Retransmission Consent negotiations continue to be in the news as broadcasters and pay-tv operators square-off to present their cases to the FCC why current rules should stay as they are, or be revamped to consider current economics and market conditions that create opposite interests, and therefore threaten to disrupt consumer access to high profile programming at the most critical times. If you ask me, this is nonsense of scale. Nonsense, in reference to how this has been allowed to proliferate in the market, and Scale, referencing the size and scope of the problem.
Is it not rocket science, but a regulatory imbalance, which has morphed into headlines of consumers “caught in the middle” of economic debauchery as Cable TV Operators and Broadcasters slug it out in high-profile news outlets for the upper-hand in negotiations? What’s at stake, $1.1 Billion currently and up to $3.6 Billion within the next five years? That is a lot of cash being redistributed via current Retransmission Consent Rules and it’s attracted the attention of broadcasting parent networks wanting a substantial “piece of the pie”. See (Networks Want Slices of a New Pie)
Negotiation Process is Broken
Obviously, when the FCC created these rules, letting broadcasters choose must-carry or negotiate for carriage rights, the telecommunications landscape was very different. Pay TV Operators were not paying for broadcaster carriage rights and local affiliates and their parent networks were not compensated for unique programming, as were their cable programmer counterparts. Retransmission Consent Rules repaired a perceived inequity, and for many years broadcasters and Pay TV Operators negotiated in good-faith to satisfactory conclusions.
In recent years, as broadcasting revenues declined and cable programming grew both in quality and market coverage, broadcasters began looking for additional revenues to prop-up budgets, “bleeding in red-ink”. Henceforth, tougher and more demanding negotiations began to appear at each contract period to step up revenues to fill a void. Broadcast Networks began to take notice demanding an increasing share of those fees from local affiliates. See (Pay TV, Broadcasters Firms File Responses in FCC Retrans Rules Review)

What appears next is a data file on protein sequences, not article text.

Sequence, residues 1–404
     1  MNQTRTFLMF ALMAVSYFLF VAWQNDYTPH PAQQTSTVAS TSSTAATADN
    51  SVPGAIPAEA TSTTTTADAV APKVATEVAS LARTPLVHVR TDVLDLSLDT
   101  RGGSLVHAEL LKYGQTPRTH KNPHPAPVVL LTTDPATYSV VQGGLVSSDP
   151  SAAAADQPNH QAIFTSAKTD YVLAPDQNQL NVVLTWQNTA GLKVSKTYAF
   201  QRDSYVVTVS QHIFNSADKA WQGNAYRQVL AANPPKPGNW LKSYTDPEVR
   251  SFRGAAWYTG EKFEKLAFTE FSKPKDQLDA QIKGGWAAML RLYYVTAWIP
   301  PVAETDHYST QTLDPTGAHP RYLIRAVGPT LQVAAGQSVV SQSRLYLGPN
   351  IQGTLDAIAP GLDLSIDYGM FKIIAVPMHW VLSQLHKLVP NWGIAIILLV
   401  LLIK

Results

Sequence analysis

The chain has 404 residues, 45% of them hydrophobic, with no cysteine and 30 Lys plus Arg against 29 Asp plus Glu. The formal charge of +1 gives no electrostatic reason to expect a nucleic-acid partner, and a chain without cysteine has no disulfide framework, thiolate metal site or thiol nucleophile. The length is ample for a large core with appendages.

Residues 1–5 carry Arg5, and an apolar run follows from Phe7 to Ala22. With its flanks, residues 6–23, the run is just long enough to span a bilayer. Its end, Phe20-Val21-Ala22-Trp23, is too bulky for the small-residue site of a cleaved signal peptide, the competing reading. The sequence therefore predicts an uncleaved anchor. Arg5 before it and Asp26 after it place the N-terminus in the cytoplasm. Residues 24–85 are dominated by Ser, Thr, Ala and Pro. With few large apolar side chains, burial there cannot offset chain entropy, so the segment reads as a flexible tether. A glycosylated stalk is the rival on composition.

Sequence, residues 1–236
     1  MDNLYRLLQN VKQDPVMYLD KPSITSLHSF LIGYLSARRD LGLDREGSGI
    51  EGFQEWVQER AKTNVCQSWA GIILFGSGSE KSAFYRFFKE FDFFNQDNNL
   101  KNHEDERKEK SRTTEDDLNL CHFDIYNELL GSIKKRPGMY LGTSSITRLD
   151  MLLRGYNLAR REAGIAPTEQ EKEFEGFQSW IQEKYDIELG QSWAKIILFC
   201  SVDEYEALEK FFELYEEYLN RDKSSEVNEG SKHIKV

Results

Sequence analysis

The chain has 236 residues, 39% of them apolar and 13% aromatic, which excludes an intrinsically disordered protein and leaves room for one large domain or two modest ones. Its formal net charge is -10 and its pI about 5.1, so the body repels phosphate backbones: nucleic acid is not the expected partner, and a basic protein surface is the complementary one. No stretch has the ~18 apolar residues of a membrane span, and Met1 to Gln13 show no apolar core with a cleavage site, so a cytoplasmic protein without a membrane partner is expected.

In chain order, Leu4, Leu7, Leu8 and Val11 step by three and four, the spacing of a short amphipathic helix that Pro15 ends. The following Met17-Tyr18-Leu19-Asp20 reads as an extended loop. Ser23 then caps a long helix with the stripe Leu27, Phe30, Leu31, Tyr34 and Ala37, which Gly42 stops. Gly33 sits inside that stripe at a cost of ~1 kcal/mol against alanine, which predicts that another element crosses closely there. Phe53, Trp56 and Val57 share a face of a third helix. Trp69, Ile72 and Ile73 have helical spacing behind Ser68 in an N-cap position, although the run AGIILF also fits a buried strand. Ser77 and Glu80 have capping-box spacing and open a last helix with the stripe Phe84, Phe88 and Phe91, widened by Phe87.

No-Holds Barred, Free-For-All
The result has increased the stakes of these negotiations to the point where a “no-holds-barred free-for-all” is now the norm and not the exception. Recent stand-offs have produced disruption of high profile programming at critical times in consumer viewing. The timing of negotiation periods seem to coincide with these events, therefore creating undue leverage and market dominance in contract renewals. Pay TV Operators trying to hold costs down, while Broadcast Networks use any advantage to extract their perceived worth.
This process is broken and unless rectified by the regulating authority, the FCC, it will continue to be a “wild-wild west” of who blinks first, leaving the consumer to dangle in black-outs and outrage. Succinctly, consumers already consider payments for Pay TV programming to be at an all-time high and current rules threaten to drive those costs even higher. It does not bode well for an administration wanting to increase broadband proliferation, which is usually packaged with Cable TV products, to have incremental costs skyrocket due to competing industry rules that are, at best, archaic based on their 1992 original inception. In essence, consumers feel trapped in a process of no competing choices in broadcaster demands. See (Retransmission Consent Rules)
The FCC, as it is charged to do, should impose a moratorium on black-outs and enforce some type of arbitration of which both parties should be required to adhere during these periods. Both local and external markets should be considered separately in negotiations and not denied access to programming based on how many duplicate stations are present. Negotiations should be fair and equitable and not include market dominate broadcaster groups holding leverage over both Pay TV Operators and Local Affiliates to extract absorbent fees. Retransmission Consent Negotiations should not be tied to high-profile events or programming time periods.
It is time to convert nonsense into common sense in contract negotiations by reformulating outdated rules to coincide with current day economics. The FCC should, “step up to the plate”, and redesign such a regulatory mess.